As the war raged on, they built a wall beneath
the waves to stop the submarines from reaching shore.
Now, the barrier deadens the surf, breaking waves
and muddying the water.
I kick against sand, sprinting along the coast,
leaving a mile of footprints that vanish in the tide.
I have been a hundred people on these shores,
have learned to trace my fingers along new scars
and even love their shapes.
I watch the waves burst against the breakwater,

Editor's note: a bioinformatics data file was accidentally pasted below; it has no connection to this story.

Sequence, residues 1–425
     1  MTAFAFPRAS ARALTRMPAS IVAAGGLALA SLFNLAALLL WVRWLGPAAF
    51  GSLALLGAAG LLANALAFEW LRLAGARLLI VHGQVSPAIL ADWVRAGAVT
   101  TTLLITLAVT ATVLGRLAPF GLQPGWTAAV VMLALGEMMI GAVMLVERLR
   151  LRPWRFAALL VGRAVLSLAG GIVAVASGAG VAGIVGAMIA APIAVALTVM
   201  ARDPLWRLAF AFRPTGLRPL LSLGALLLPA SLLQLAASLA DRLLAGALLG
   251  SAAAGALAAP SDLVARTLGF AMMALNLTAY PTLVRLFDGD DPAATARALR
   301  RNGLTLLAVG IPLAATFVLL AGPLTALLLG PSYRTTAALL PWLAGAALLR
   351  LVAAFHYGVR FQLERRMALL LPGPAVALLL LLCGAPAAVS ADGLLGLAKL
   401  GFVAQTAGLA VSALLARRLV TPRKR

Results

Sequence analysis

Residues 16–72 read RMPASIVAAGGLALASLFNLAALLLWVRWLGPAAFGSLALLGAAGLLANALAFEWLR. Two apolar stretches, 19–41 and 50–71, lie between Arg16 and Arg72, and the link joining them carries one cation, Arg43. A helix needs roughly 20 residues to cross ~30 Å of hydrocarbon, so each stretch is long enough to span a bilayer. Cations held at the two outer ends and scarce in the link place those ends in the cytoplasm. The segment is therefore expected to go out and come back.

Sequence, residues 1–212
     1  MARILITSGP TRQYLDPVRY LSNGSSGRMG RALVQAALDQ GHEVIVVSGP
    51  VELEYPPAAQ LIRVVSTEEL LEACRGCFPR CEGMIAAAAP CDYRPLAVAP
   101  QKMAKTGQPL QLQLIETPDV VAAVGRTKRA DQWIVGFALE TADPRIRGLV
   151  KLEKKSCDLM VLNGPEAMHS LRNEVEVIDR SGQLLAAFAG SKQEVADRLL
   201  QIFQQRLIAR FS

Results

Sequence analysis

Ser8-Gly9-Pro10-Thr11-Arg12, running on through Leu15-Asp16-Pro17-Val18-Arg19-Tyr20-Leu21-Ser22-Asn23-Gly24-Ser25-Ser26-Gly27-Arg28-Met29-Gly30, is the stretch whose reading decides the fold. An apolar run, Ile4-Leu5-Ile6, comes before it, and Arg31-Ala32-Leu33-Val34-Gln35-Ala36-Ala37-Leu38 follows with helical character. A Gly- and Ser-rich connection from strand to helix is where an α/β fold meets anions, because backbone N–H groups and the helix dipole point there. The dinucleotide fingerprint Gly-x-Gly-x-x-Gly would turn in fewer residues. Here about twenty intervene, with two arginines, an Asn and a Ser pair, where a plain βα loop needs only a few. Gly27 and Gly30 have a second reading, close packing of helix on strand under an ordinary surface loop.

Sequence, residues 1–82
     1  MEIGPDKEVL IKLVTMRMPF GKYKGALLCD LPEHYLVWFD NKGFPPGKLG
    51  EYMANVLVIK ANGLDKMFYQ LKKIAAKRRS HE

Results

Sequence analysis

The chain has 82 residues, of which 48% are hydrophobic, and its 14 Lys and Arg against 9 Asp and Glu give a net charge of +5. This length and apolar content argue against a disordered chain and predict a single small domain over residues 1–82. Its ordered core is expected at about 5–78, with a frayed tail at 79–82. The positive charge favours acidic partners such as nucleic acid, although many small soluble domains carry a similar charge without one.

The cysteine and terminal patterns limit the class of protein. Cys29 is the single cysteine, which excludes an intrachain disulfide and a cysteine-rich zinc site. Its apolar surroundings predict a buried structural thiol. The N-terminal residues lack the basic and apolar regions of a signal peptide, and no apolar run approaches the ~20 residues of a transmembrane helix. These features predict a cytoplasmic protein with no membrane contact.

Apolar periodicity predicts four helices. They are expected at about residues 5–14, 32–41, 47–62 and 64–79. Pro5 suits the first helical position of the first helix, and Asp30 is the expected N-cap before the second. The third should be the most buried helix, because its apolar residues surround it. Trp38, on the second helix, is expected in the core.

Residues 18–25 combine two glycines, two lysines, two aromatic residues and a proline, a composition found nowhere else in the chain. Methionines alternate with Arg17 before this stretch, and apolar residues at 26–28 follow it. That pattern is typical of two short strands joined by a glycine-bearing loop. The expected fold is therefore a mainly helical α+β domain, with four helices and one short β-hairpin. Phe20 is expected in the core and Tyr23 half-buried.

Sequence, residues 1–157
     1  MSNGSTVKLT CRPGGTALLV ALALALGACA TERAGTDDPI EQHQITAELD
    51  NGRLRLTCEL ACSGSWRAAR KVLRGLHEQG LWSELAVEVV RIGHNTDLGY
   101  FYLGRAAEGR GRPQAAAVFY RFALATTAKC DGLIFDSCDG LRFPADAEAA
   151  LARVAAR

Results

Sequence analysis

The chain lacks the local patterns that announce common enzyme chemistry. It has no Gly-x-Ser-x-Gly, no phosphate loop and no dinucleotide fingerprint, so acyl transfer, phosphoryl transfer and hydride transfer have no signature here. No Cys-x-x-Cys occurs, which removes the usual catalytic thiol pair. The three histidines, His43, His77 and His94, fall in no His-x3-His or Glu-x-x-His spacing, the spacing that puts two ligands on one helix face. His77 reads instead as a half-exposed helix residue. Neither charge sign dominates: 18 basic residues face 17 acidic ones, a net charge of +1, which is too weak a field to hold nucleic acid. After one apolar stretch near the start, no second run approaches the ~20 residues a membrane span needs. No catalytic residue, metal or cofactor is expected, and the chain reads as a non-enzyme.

the way it folds the currents back, churning water
into webs of momentary gems. I think of you.
I think of how the tides are tampered with.
When the war was over, they tried to take back
what they had built—to “save the waves, restore
the shore”—but the stones had been stolen
by the ocean, concrete cracked into reefs
that teemed with life. I think of you.
There is nothing brittle about the things we build.
There is nothing easy about destruction.
It is never so simple as tearing something down.